Invoice fraud


Fraudsters can pretend to be someone your business knows, like a supplier or client, to send either:

  • a message that their bank account details have changed, or
  • a fake invoice.

Their goal is to get a payment or future payments sent to an account they own.

In this guide, we look at how this scam works and what your business can do to avoid it.

Has your business been targeted by fraudsters?

Has your business been targeted by fraudsters?

Contact us right away to report a scam. We can then guide you on what to do next.

Contact us now

Can you recognise an email scam?

This video shares how an invoice scam works and how to avoid it.

Tips to beat invoice fraud

  • Fraudsters will do lots of research so they can target any kind of business. This helps them to pretend to be someone trustworthy, and to choose the best time to try the scam.

    How do they get in touch?

    They can use all kinds of methods to contact your business, from letters on headed note paper to phone calls.

    But their favourite is to send an email that’s a copy of a genuine message. They can even break into an email account of a person or business you know to reply to an earlier chain of messages.

    What do fraudsters send?

    Their message will be about a payment. It could change payment details to a new account. Or it could attach an invoice with new payment details.

    If you pay without checking, the money will go to the fraudsters account. And it’s very hard for your business to recover money that’s lost this way

  • Fraudsters can copy genuine emails and amend details and attachments like invoices. To avoid this scam, make sure your business follows these rules.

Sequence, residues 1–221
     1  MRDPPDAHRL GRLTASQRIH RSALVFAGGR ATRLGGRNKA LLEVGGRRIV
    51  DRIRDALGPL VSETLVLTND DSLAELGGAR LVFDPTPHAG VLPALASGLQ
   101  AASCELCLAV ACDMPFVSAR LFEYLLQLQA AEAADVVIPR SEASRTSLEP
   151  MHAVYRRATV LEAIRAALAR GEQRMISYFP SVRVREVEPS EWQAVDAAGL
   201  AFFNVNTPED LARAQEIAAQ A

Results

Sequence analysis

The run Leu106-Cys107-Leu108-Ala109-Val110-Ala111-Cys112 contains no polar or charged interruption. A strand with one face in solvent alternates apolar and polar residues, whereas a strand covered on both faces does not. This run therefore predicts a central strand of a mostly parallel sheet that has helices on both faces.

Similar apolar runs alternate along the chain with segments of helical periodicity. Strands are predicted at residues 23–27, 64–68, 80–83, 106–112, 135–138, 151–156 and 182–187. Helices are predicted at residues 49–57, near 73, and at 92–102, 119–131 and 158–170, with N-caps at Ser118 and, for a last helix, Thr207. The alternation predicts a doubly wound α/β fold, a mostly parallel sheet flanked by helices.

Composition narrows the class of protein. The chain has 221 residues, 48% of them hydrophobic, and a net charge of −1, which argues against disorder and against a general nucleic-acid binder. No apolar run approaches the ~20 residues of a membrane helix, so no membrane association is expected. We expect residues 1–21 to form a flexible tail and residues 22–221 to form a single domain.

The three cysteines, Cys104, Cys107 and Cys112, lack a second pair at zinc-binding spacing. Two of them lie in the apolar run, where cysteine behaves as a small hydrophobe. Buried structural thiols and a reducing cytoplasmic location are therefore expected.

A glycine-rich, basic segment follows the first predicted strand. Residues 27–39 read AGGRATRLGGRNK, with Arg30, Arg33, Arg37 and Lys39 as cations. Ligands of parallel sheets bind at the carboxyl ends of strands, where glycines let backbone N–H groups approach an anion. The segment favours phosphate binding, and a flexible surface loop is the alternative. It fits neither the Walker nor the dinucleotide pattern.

Double-check any changes

    If a person or business you pay changes their payment details or sends a new invoice, call them to double-check.

    Call your single point of contact (SPOC) if you have one. Always use a phone number you trust, not one from an email or invoice.

    Fraudsters are hoping that you pay without checking. If this happens, it’s very hard for your business to get the money back.

    Set up a SPOC

    A SPOC is a person or team you can talk to at another business you pay who can confirm an invoice or change of details.

    If you set one up, it makes it easier to double-check things and can help to avoid invoice fraud.

    Train your staff

    Make sure your staff know about this type of fraud and how to avoid it.

    Clearly write down a method that covers how to deal with invoices and changes to payments or other details.

    Keep this document close at hand so it’s easy to find and follow. Share it with your team and make sure colleagues follow the process at all times.

    Learn more about invoice fraud on our interactive training video

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Lloyds Bank is a trading name of Lloyds Bank plc, Bank of Scotland plc and Lloyds Bank Corporate Markets plc. Lloyds Bank plc. Registered Office: 25 Gresham Street, London EC2V 7HN. Registered in England and Wales no.2065. Bank of Scotland plc. Registered Office: The Mound, Edinburgh EH1 1YZ. Registered in Scotland no. SC327000. Lloyds Bank Corporate Markets plc. Registered office 25 Gresham Street, London EC2V 7HN. Registered in England and Wales no. 10399850. Authorised by the Prudential Regulation Authority and regulated by the Financial Conduct Authority and the Prudential Regulation Authority under registration number 119278, 169628 and 763256 respectively.

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